You might not know me, but I'll bet you've heard of my father, Tony Nicklinson. He became famous for something no one would wish on their worst enemy. A stroke in 2005 left him paralysed from the neck down, unable to speak, care for himself or live any semblance of the life he once loved. In August, judges denied his request to let a doctor legally end his life. Heartbroken at the thought of spending the rest of his life trapped in his own body, my father succumbed to pneumonia six days later. It was a difficult end to an agonising seven years.
My dad's ordeal has changed my life in so many ways. Seeing how terribly he suffered, even in spite of my mother's constant, loving care, has made me more sensitive to the ways that others suffer, particularly animals - whom I've loved since I was a little girl. Many people who supported my father's desire to end his life said that if someone were to keep a dog or a cat in the condition my father was in, it would be considered completely cruel. I couldn't agree more. But sadly, many people do let their animals linger in pain and distress, simply because they can't bring themselves to say goodbye.
Animals have feelings and emotions, and they suffer from pain, disabilities and diseases just as humans do. But unlike my father, who could clearly communicate his wishes through a system of blinking his eyes, animals can't tell us (at least not in human language) that they don't feel well, are in terrible pain or even want to die. They depend on us to notice when something is wrong and to be brave enough to make the heartbreaking-but-humane decision to end their suffering when the time comes.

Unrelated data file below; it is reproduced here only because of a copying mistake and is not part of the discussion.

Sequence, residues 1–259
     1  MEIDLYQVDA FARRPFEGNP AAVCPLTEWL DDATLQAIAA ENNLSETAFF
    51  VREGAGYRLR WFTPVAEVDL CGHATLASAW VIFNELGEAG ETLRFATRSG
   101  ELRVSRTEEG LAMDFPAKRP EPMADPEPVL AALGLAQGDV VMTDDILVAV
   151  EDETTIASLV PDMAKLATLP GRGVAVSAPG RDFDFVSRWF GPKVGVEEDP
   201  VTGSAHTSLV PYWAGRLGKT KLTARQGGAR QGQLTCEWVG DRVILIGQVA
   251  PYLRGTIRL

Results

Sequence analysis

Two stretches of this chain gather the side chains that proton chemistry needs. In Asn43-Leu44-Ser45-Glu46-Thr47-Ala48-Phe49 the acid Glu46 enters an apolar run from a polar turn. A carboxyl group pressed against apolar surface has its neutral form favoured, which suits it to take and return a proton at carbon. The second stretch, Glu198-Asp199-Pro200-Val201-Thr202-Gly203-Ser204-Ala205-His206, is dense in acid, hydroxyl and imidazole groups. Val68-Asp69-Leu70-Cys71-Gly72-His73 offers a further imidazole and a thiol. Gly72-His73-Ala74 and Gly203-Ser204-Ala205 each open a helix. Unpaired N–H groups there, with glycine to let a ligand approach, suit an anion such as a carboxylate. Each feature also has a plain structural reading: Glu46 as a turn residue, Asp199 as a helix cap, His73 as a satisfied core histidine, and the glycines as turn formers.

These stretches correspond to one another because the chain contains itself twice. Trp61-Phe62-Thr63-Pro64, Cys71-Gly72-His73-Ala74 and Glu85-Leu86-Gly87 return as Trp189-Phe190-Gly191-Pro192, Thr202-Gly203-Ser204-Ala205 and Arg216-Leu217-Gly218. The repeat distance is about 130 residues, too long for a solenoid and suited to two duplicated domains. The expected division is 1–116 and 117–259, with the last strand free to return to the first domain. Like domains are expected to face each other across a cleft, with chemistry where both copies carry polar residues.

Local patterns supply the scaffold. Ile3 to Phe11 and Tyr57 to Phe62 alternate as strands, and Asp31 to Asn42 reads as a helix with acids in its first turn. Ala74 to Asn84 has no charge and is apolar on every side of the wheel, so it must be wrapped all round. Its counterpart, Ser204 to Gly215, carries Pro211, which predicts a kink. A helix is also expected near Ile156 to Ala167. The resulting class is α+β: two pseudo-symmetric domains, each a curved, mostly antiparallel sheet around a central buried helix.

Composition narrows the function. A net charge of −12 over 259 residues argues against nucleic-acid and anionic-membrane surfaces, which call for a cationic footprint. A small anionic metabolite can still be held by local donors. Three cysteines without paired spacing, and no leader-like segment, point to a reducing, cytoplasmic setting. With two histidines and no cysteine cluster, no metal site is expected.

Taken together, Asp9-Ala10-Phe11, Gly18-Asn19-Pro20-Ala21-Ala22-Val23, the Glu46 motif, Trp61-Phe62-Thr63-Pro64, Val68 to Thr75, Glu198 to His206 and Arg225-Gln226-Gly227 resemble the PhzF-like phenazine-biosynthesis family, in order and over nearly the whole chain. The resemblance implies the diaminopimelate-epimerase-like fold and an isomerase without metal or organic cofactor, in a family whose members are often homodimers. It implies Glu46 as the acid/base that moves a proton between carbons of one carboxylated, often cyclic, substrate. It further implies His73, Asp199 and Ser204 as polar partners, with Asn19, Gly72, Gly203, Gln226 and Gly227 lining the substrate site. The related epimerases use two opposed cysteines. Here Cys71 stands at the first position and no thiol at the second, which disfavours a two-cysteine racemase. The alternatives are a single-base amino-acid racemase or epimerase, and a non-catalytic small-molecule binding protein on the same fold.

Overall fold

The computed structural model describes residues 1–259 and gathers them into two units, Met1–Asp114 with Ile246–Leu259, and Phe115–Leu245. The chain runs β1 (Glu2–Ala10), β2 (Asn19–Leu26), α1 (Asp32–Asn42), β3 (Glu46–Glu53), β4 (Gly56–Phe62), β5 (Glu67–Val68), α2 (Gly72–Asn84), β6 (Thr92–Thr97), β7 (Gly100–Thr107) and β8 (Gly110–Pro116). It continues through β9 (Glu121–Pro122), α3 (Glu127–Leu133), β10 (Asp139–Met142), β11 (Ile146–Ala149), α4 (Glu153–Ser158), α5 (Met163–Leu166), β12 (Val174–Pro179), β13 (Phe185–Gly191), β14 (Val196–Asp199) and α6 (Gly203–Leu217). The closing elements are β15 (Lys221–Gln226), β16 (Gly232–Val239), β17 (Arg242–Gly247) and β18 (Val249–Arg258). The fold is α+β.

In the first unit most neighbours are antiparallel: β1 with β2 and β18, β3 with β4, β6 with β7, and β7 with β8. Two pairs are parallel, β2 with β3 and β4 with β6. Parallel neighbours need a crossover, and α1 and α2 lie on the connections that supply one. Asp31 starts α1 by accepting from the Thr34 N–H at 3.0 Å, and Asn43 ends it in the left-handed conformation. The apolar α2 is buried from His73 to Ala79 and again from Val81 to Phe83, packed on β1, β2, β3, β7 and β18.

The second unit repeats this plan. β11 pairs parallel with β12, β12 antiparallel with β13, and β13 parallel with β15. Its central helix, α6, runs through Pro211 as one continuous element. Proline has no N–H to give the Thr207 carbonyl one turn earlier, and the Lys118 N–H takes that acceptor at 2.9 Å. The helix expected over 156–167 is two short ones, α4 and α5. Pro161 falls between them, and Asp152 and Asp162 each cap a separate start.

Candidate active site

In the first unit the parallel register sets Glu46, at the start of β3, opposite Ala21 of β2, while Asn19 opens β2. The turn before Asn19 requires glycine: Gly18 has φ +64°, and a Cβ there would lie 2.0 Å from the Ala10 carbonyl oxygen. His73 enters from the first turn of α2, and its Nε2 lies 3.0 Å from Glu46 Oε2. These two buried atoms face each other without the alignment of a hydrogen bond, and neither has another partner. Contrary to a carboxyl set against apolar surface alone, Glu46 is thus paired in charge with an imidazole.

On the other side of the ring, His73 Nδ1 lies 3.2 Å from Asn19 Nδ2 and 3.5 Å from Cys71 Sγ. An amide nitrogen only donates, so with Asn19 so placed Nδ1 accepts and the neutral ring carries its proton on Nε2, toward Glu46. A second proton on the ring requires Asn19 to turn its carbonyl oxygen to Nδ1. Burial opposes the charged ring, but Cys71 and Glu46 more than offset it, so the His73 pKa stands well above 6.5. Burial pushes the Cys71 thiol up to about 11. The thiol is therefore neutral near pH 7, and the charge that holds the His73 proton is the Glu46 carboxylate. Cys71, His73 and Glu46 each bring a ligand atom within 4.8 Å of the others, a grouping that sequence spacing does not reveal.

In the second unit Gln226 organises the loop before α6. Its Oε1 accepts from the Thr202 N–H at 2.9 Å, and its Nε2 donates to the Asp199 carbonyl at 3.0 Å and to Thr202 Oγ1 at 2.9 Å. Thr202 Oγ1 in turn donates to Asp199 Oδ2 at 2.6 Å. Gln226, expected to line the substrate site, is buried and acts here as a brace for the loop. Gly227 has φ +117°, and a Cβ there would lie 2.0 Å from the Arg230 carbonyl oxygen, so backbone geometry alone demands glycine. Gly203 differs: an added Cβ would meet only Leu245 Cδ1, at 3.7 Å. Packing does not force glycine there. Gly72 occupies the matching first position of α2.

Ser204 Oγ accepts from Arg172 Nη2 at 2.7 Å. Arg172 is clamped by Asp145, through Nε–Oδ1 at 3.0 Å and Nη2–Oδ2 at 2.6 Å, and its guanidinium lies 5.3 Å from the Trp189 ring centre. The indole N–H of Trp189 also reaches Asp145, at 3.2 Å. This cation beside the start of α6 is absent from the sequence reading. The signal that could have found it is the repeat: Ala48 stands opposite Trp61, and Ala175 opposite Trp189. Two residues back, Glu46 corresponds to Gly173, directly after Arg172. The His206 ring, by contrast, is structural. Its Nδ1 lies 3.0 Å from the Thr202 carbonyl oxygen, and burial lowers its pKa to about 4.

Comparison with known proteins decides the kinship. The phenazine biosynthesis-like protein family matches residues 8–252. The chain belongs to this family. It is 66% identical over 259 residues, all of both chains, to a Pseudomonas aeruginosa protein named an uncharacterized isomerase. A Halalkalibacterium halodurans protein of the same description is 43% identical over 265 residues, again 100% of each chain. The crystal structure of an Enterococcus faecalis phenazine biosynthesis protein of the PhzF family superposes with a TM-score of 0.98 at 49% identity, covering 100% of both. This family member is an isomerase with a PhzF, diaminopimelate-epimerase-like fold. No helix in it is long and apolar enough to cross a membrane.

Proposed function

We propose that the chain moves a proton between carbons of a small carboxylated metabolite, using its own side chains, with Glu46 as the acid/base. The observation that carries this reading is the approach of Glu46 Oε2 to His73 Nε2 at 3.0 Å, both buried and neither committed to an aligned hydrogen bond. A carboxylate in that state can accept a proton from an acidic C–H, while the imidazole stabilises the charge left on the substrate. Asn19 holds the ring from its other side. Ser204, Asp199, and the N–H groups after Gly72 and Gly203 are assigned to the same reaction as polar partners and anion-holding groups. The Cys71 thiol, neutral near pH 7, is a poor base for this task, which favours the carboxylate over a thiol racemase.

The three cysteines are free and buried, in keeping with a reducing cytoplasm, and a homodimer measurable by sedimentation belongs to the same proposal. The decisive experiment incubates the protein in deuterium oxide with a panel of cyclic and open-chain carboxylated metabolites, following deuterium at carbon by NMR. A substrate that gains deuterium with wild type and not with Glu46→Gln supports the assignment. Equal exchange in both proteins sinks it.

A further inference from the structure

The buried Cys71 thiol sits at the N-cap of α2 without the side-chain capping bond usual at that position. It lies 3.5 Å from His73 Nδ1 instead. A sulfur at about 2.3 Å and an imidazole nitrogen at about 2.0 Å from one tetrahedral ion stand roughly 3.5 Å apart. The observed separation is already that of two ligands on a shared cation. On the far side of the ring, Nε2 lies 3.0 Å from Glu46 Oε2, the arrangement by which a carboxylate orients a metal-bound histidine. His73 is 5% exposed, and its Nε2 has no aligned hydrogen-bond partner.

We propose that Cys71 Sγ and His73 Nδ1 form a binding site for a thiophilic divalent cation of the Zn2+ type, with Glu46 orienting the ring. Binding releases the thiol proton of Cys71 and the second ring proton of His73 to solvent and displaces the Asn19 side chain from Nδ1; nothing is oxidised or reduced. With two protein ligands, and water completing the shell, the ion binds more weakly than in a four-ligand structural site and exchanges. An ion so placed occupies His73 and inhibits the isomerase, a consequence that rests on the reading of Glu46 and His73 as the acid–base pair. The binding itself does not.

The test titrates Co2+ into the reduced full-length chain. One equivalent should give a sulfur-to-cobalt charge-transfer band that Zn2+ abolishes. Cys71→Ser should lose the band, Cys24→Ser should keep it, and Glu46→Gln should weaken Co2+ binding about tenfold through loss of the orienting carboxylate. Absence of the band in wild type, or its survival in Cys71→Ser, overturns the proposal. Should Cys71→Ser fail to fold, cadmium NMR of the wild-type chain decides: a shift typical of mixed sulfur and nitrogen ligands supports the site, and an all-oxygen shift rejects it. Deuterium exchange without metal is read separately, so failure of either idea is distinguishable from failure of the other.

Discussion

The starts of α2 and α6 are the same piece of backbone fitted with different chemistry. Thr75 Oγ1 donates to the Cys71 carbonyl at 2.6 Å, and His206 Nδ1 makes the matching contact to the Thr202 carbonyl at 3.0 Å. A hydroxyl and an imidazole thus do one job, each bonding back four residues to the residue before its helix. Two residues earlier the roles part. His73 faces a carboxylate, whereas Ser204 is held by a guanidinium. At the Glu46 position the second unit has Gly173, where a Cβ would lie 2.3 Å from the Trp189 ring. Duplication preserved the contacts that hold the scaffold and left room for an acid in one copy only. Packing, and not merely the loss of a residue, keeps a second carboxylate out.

We can know when it's that time by carefully observing their body language, appetite, energy level and overall demeanour and by talking to our veterinarians. When our normally happy, vigorous companion animals become very old, sick or injured without hope of recovery, and when they can no longer enjoy their lives, having them euthanised is our final act of love and kindness towards them.
That's not to say it's an easy decision. I know how gut-wrenching it is to face the thought of losing someone you love. But as much as I didn't want to lose my dad, I didn't want him to suffer even more. Yet some people let the very animals whom they claim to love live in agony for weeks, months or more because they can't handle the thought of losing them. This isn't kind - it's selfish.
Some animal shelters even operate under this mentality, keeping animals caged for years, rather than euthanising them. Just as being trapped in his own body killed my father's once-buoyant spirit, being constantly caged kills cats' and dogs' spirits. Many animals become depressed and withdrawn. Others lose their minds, spinning endlessly or gnawing their own flesh to pass the hours. Some become aggressive, baring teeth or hissing at anyone who tries to pet them. This is no life for any living being.
Sometimes, the kindest thing a shelter can do for a dog or a cat who has spent months in a cage with no adoption prospects is to give him or her a peaceful send-off, cradled in a shelter worker's arms. Of course, many of these deaths could be prevented if breeders stopped churning out animals for profit while our shelters are bursting at the seams - and if people spayed or neutered their animal companions. That's why it's so crucial for each of us to boycott breeders and pet stores and adopt our animals from shelters.
Some people seem to think that death is the worst thing that can happen. But I've seen firsthand that a pain-filled, hopeless life can be far worse. Caring for animal companions means giving them a good life and a good death, when that time comes. One thing is certain: if my family's beloved dog, Tyson, ever ends up in a state like my dad was in, he won't have to suffer. Surrounded by the people who love him, the needle will go in, and he'll breathe out his last without suffering. It will be a peaceful end to a good life, just as it should be.